Centre des arts actuels Skol, Montreal
January 14 to February 12, 2011
With Monologue, Patrick Ward has skilfully edited together a pool of handheld footage culled from video-sharing Web sites. In silence, a single and anonymous viewpoint scans, probes, and travels through a labyrinthine interior. As the viewer follows, ambling down dark halls, peering into basements, moving from room to room, an impossible ruin begins to take form. Ward’s exhibition is the first part of Skol’s novel thematic program, Unknown Artist. Conceptualized and curated by Bernard Schütze, the series is based on the shared imagining of an anonymous artist, described by Schütze as a nomadic Acephal-like figure with a particular sense of futurity. Monologue has been employed to delimit a territory for this personage.
Discussing the work in a video interview produced by Skol, Ward indicated that Monologue emerged directly from the experience of browsing the video-sharing Web sites from which the constitutive parts of the work are drawn. Commencing from a single video documenting an abandoned space, the artist navigated through a bank of related videos generated by the Web sites and soon recognized that with each subsequent viewing he traced a path through these remote spaces. The documentation collected served any numberof purposes: some cameras were carried by those who aimed to penetrate the space, with the excitement (and aggression) of trespassing; others were wielded by passers-by making an unannounced survey of decline; and still others were put to more formal uses, such as documentation for legal and fiscal purposes by real-estate agents or for insurance claims.
Architectural metaphors concerning the virtual, volatile, and potential spaces yielded by an on-line life are today not revelatory in themselves. Hyperlinks may very well be read as thresholds, but Ward has transposed these linkages back into a cinematic vernacular. He looked toward Alfred Hitchcock’s 1948 film Rope, in which a series of extended scenes are edited together to give the effect of appearing as a single shot. As Hitchcock choreographed his edits to fall as the camera’s view was blocked, so Ward calculated his edits to occur at opportune moments. In Monologue, spaces are sutured together when the frame settles on a threshold, when the image is overwhelmed by a ray of sunlight or overtaken by darkness, or when swift and jerky movements render the image briefly indiscernible. In his article “Nostalgia for Ruins,” theorist Andreas Huyssen posits that “nostalgia can be a utopia in reverse.1”
Ruins can serve as devices of memory in which critical inquiry and desire intersect. Using the example of the fantastic ruins drafted by Giovanni Battista Piranesi in the eighteenth century, Huyssen suggests that nostalgia for the utopian project of modernity emerged within, and even welcomed, the era. Accordingly, we might read Ward’s impossible ruin as a regretful glance at the ravages of late capitalism. An accumulation of footage of this nature easily conjures the spirit of the recent global economic crisis. Ward’s careful editing weaves a past of affluence, stability, and activity together with a present of desertion, decay, and regression. In following the circuitous route of the footage, we are trailing the path of capital.
This teasing out of a critique of neolib-eralism is partially the result of a consideration of what Ward has chosen to leave out, principally the videos’ audio tracks. Here, silence is enforced to foreground issues of the cinematic, privileging the projected image and its correspondence with the gallery environment. The overall installation of Monologue requests that visitors mirror the lateral navigation underway in the projected video – from the entrance on the side, with the projection partially obscured, to the end of negotiating their position within the darkened room. With the videos’ more discordant elements discarded, the evidence of their conditions of production is obscured, thus keeping an explicit political position at bay.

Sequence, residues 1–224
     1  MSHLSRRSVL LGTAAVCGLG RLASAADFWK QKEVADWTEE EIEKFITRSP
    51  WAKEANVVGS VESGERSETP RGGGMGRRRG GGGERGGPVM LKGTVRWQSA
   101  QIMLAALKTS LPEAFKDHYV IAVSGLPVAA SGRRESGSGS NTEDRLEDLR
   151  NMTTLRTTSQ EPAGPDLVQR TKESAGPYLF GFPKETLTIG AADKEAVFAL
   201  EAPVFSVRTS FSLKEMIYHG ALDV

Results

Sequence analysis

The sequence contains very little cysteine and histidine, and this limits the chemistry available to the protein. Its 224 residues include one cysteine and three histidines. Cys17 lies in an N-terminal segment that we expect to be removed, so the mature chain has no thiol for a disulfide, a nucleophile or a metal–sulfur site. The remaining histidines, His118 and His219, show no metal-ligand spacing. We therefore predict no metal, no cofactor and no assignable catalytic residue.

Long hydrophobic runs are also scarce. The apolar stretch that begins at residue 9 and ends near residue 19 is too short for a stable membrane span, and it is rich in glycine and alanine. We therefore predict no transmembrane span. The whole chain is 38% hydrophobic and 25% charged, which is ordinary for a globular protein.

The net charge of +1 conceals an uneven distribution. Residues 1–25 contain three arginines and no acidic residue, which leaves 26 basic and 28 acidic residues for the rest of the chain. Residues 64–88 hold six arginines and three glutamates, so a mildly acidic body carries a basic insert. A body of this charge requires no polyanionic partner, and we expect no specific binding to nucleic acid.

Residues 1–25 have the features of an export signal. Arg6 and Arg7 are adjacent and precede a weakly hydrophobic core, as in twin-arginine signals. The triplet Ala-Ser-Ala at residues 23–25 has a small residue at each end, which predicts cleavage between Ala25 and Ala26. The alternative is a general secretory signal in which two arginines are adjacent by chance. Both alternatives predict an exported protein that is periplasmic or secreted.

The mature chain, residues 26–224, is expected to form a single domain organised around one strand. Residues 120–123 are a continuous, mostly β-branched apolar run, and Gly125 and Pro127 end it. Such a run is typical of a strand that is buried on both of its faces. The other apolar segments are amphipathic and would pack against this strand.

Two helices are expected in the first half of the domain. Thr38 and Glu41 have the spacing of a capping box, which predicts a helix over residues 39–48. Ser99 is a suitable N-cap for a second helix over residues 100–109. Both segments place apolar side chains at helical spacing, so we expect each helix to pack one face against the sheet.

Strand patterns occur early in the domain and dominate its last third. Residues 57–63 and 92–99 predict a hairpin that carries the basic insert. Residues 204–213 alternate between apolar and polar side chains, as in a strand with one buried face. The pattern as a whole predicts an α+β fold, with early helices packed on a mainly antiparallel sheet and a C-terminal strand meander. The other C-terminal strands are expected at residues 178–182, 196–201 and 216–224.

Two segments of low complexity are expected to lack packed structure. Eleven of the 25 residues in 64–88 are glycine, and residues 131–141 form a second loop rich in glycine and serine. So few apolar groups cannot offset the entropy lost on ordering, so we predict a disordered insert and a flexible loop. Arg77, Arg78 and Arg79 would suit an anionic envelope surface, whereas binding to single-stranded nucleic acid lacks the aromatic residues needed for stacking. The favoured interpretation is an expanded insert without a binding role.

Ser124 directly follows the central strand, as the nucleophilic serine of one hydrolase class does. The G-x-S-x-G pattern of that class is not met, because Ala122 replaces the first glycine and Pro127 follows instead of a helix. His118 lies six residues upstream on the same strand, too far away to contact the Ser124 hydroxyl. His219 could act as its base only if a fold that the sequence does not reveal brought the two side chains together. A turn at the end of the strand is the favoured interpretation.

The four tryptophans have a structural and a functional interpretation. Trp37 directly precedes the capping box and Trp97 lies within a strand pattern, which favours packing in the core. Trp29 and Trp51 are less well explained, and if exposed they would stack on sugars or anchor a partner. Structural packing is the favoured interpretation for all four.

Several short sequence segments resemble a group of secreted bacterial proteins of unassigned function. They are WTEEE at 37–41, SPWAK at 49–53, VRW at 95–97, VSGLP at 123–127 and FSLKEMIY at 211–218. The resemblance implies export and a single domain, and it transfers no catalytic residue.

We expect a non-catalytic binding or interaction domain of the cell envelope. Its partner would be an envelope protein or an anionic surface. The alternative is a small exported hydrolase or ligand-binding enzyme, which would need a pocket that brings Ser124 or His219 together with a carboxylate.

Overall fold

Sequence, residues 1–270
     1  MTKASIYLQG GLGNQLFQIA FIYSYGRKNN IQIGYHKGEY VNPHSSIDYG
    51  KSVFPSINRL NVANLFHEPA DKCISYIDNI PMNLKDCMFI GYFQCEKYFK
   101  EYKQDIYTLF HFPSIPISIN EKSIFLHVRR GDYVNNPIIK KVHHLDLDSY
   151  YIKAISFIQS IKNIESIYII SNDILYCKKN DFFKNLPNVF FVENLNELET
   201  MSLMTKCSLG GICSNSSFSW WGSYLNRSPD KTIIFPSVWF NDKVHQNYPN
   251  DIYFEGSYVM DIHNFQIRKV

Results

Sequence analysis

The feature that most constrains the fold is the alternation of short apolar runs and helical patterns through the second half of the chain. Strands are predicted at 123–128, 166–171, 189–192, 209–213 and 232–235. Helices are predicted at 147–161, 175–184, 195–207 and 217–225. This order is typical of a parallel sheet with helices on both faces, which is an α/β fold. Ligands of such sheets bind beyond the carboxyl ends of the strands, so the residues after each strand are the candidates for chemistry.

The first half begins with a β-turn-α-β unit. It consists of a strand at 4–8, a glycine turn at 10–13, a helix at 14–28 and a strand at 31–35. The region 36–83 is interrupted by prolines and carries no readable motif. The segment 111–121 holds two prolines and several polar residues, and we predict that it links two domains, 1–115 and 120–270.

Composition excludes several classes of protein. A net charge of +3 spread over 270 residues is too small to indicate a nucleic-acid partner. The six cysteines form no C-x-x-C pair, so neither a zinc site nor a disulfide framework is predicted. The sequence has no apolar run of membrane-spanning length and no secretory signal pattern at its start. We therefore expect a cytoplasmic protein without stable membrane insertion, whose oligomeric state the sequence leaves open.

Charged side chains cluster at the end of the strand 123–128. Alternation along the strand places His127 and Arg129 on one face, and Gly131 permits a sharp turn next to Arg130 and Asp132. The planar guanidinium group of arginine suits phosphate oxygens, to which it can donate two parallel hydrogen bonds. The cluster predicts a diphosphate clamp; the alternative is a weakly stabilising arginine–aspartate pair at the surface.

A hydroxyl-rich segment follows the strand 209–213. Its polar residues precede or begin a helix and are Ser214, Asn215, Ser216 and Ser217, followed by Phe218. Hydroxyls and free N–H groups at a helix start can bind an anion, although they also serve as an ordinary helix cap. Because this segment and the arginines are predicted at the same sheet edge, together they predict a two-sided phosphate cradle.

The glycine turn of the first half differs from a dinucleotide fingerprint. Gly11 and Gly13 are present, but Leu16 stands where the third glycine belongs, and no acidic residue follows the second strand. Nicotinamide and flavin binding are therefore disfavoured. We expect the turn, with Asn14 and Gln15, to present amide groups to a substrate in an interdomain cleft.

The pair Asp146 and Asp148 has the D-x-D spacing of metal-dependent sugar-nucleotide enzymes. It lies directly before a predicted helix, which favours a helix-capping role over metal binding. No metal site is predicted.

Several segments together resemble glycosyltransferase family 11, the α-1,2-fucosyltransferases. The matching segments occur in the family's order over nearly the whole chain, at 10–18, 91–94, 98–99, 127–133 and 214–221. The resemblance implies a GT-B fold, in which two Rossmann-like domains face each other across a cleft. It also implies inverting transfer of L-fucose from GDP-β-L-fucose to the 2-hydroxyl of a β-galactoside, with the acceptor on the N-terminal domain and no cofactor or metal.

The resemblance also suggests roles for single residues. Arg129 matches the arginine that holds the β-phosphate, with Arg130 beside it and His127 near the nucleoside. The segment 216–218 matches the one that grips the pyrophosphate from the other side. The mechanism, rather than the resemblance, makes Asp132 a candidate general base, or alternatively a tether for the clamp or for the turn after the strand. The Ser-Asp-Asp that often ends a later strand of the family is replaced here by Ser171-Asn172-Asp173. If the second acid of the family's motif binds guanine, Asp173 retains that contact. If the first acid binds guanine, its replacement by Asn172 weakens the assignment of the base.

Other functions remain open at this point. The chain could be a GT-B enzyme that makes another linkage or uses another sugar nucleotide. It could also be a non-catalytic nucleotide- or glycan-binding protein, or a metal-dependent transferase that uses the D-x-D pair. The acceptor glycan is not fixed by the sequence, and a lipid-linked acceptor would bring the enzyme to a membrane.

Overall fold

Yet, the work’s silence also contributes to another architectural notion, that of imprisonment. Huyssen’s study of Piranesi’s ruins extended into a consideration of the artist’s invented prisons. In these renderings, the spectator’s gaze is “lured in and cap-tured” by an unfixed perspective, a complicated built environment that suspends all “possibility of an outside.” Within Piranesi’s work, Huyssen argues, fragmentation and montage are not entirely emancipatory strategies. Rather, they remain character-istics of melancholia, as history, memory, and desire commingle within their multitudinous combinations and contradictions.
Considering this, Monologue remains a reticent work, overdetermined by its formal achievements. Yet, the work marks a turning point in Ward’s oeuvre. With Monologue, he has commenced to move away from the tug-and-pull fetishism and critique of cinematic technologies, rituals, and tropes that defined his earlier works. As reticent as it may be, Monologue kicks up the dust of history, a musty and melancholic haze behind each of Ward’s precise edits.
Robin Simpson is a curator and art-history student based in Montreal. As a graduate student, he has presented papers at numerous academic conferences, notably Traffic: Conceptualism in Canada, hosted by the Justina M. Barnicke Gallery in 2010. His research interests focus on the social determinants of art and art communities, with particular attention paid to art after 1960. He most recently contributed to a catalogue published by the Art Gallery of Nova Scotia on the work of Halifax artist Stephen Kelly. He is also co-founder of Pavilion Projects, a nomadic and often symbiotic curatorial and arts service initiative.